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15th November 2016

The BBC’s #lovetoread campaign

James Blower introduces the BBC’s new scheme #lovetoread and encourages students to take up the challenge

Reading is one of life’s great pleasures; delving into a good novel can inspire, provoke thought and discussion, stretch your imagination and let it run wild, not just as a wide-eyed child but throughout adulthood too. Studies by The Reading Agency have shown that reading for pleasure plays a greater part in a child’s development than a general school education does. Using the power of social media, the BBC hopes to reinstate the value of reading to adults, teenagers and children alike.

This month has seen the BBC launch a campaign named #lovetoread in an attempt to get the nation talking about which books matter the most to them. They want to encourage people to turn off their televisions this autumn and to instead curl up on the sofa with a good novel.

After having spent the summer months lounging around the pool, reading book after book, most students set themselves resolutions about trying to read more over the coming academic year. As the nights grow ever longer we wonder whether these well-meant resolutions are being kept.

Campaigns like the BBC’s #lovetoread are essential because of the necessity to inspire a generation who are able to reach, more than ever, for an infinite number of screen-based forms of entertainment. The BBC has always placed a great emphasis on authors and books but this campaign is designed to make reading for pleasure a greater priority. Using radio, television and online presence as well as combining forces with regional and national literary organisations like The Reading Agency, the BBC are well and truly on a quest to inspire.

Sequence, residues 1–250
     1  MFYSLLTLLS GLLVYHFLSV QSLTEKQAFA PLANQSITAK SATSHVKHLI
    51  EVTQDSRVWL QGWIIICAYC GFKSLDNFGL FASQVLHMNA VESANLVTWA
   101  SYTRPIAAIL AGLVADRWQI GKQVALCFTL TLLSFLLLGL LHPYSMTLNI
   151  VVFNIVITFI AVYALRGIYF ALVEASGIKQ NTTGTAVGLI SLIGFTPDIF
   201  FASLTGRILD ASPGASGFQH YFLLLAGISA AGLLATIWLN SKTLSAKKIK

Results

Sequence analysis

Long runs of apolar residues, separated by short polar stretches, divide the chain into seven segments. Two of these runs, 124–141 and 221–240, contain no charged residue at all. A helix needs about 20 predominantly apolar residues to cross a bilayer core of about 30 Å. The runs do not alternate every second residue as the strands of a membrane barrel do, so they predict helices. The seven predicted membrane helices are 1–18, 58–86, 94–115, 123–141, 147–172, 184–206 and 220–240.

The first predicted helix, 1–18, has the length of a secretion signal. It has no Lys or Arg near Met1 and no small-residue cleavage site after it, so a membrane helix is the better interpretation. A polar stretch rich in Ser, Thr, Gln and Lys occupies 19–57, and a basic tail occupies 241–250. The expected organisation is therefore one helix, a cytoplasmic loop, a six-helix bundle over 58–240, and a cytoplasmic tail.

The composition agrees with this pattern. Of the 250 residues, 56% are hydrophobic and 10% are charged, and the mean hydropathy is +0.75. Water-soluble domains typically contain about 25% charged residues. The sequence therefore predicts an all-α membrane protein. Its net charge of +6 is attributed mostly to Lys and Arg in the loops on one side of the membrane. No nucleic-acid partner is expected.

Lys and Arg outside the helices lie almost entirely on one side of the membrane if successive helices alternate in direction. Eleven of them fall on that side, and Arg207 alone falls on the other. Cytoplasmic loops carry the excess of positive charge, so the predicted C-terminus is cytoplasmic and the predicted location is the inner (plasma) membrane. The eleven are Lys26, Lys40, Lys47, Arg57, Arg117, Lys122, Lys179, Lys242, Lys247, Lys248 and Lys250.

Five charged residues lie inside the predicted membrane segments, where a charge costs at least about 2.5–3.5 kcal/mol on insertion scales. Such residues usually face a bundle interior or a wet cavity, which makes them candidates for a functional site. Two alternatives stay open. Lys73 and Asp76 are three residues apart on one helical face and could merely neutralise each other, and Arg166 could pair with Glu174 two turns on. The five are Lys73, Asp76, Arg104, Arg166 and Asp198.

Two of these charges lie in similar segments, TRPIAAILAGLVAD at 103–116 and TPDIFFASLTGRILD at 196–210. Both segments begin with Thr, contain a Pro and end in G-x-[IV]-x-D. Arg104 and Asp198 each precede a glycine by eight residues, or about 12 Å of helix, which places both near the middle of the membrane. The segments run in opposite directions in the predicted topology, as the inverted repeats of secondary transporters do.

Up and down the country, local libraries are hosting events and promoting new book clubs to engage the local community and bring people together through a love for literature. Simon Mayo is running a spin-off of the highly popular Radio 4 program Desert Island Discs but is instead ‘casting away’ authors Marian Keyes, David Nicholls, Jilly Cooper and Ian Rankin. He asks them which books played an influential part in their lives, delving deep into their diverse and fascinating imaginations.

BBC2 on Saturday nights for the last few weeks has been literature night with many literature-related programs celebrating authors, books and much more. All are still available on iPlayer but if you are taking heed of the BBCs message to cut down TV time and have not got time to catch up on all of their shows, the pick of the bunch is The Secret Life of Sue Townsend Aged 68 ¾, which follows the life of Adrian Mole’s creator, and is narrated by Julie Walters.

So why not re-ignite those summer resolutions and, with an open mind, tune into one of BBCs radio or television shows that are all so conveniently stored on iPlayer? Be prepared to be inspired once again by the pure joys of reading.

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